What is another commanding presence in this show. Last time we saw his work, he was doing some pretty out there conceptual paintings of the universe and footy legends and using bits of porno web sites to create books. He’s jettisoned all that for a new series of work using Liquid Nails, which is a kind of molten plastic that you squeeze out of a gun. Using a series of found picture frames with old images still intact, What has disgorged a whole lava flow of plastic goop and by doing so he’s created a lo fi indie rock that’s to Grunge art what Wolfmother are to Prog.
Brett East’s incredible, painstaking oil on canvas pictures of pills done in faux Flemish landscape compositions are indistinguishable from digital print composites he’s put together somehow using a computer called Vanitas. We can’t say with any honesty that we get exactly what he’s on about but another series called 6 Degrees of Separation appear to be some sort of negotiation between what an artist can do in a painting and the kinds of landscapes and interiors that are generated by computers. In a similar fashion, Chris Firmstone’s densely locked abstract acrylics on aluminum are hermetic universes and without a way in we’re still wondering what they’re doing.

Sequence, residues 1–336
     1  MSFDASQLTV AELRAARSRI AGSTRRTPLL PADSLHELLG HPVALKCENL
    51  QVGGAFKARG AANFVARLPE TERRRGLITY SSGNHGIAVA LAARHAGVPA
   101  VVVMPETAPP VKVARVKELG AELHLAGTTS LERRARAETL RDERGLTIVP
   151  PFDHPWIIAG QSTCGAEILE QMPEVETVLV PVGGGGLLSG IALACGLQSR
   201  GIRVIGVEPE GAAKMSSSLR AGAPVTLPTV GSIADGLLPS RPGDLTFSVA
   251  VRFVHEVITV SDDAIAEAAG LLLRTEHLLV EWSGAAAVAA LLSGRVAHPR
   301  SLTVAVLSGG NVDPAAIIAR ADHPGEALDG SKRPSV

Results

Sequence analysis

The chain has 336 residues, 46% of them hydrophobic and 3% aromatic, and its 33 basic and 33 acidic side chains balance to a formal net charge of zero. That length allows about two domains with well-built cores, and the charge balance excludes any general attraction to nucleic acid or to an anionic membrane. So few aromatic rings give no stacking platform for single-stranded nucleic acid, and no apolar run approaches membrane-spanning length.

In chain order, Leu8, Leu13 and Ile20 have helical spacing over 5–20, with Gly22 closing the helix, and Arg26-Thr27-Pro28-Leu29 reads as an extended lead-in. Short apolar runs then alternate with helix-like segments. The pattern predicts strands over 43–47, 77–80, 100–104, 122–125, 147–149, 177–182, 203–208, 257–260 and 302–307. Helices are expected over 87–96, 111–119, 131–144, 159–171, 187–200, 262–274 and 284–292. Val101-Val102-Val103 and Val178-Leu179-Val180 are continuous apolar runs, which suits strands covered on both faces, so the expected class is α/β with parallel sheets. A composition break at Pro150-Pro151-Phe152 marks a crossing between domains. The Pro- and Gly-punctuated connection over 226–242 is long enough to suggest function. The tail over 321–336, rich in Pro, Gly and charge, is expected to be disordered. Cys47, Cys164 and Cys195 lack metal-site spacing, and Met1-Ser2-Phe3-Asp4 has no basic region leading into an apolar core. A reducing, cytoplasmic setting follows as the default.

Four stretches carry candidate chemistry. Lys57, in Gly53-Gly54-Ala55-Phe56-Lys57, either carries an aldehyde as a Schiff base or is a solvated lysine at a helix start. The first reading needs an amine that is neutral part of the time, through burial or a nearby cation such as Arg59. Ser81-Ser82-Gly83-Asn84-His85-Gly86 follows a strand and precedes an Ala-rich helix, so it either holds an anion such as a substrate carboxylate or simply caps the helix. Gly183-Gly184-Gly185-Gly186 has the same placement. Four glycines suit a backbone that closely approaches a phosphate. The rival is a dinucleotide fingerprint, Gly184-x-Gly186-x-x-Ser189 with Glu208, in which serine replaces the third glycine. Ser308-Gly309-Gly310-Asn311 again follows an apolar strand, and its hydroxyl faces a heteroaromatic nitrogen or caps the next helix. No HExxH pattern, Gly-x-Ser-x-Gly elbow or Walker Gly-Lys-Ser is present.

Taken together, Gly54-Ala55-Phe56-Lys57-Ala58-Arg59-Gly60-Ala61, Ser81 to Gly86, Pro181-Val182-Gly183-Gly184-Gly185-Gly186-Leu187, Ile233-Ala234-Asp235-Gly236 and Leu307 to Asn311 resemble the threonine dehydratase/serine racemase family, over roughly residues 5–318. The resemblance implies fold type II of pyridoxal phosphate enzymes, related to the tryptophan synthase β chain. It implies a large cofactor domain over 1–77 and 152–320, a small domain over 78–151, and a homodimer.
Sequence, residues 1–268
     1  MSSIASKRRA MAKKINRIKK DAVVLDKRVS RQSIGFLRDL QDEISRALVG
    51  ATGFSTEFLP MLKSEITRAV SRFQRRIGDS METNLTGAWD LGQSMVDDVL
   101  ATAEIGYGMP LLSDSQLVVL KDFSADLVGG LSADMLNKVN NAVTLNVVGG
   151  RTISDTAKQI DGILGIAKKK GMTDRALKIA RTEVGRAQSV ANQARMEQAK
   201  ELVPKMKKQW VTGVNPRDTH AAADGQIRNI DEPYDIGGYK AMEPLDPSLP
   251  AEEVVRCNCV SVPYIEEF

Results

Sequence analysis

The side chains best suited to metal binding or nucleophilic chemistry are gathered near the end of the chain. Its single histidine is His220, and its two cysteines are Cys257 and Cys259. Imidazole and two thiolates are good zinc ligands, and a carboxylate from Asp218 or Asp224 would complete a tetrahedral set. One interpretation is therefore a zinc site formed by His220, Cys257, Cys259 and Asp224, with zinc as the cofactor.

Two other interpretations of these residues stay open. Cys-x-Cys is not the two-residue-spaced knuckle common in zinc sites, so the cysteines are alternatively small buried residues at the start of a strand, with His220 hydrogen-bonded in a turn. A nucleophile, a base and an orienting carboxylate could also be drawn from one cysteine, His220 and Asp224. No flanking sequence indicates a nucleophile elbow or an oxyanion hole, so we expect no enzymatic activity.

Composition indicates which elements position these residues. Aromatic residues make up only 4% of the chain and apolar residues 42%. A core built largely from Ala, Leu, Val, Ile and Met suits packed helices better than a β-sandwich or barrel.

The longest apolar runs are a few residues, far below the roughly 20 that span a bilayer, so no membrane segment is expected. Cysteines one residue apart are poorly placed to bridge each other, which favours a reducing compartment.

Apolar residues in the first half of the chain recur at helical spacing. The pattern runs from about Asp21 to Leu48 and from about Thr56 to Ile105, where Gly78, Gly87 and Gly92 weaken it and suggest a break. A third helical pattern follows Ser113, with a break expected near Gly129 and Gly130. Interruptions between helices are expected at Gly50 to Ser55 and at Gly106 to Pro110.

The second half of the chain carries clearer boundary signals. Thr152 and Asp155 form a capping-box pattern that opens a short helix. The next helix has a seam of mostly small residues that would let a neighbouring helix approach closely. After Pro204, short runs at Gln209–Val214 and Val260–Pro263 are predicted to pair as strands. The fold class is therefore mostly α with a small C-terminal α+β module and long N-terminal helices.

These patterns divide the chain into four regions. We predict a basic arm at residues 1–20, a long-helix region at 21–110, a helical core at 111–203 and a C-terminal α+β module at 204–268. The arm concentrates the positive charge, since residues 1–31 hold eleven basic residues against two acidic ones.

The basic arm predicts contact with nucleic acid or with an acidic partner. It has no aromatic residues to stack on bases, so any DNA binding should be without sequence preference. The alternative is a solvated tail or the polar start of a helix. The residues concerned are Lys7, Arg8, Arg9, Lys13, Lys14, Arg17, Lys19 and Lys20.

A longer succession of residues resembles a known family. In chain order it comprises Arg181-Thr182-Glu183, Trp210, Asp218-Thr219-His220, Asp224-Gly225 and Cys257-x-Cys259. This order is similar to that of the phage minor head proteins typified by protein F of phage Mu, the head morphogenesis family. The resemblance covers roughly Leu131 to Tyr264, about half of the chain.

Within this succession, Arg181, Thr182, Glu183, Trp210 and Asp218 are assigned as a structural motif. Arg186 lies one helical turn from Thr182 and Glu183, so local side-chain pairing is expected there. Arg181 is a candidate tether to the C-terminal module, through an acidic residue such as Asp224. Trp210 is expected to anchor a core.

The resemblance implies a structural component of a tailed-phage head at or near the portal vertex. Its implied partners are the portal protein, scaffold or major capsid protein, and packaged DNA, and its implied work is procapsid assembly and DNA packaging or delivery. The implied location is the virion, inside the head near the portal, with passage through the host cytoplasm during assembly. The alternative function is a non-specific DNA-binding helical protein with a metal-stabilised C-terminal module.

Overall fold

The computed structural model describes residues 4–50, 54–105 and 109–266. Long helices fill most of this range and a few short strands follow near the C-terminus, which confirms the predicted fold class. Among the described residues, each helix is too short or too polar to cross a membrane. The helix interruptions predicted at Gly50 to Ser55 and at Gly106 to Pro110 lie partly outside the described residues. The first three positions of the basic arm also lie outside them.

There are no such confusions with Hilton McCormick’s big paintings. Apparently something of a cause celeb out in Campbelltown, McCormick had approached the Gallery asking for a show only to be shown the door by the Gallery’s old management. McCormick makes images in hand decorated picture frames of Jesus and friends from the Stations of the Cross with coloured lights affixed and an accompanying soundtrack [courtesy of a hidden tape player] which features Enya and the artist’s own voice reading from the Bible. The work’s sincerity and naïve stylings are so persuasive that you wonder what cruel hearted apparatchik would have turned him away. Happily these eccentric beauties are right at home in Stars of Track and Field.
Creating something of an odd echo of McCormick’s piece is the biggest and grandest installation we’ve seen by David Lawrey and Jaki Middleton. Called The Sound Before You Make It, the installation takes up one large gallery. When you walk in, a trigger sets off a strobe light from the middle of the room which has raised platform about eye height under a silver dome. Shadows from the strobe flicker on to the walls and you can make out men dancing. Then the music starts – the opening bars of Michael Jackson’s Thriller pounding away and then you see on the little platform hundreds of tiny Michael Jacksons and accompanying dancers dancing to the music with classic moves from the film clip. The strobe and the movement of the figures are timed in such a way that it really looks like the tiny figures are dancing rather than just whizzing around at about 24 revolutions per second. We ran out of the room, went back in, tried to edge close to the platform without setting off the trigger, but nothing worked. In the end, we just ran away.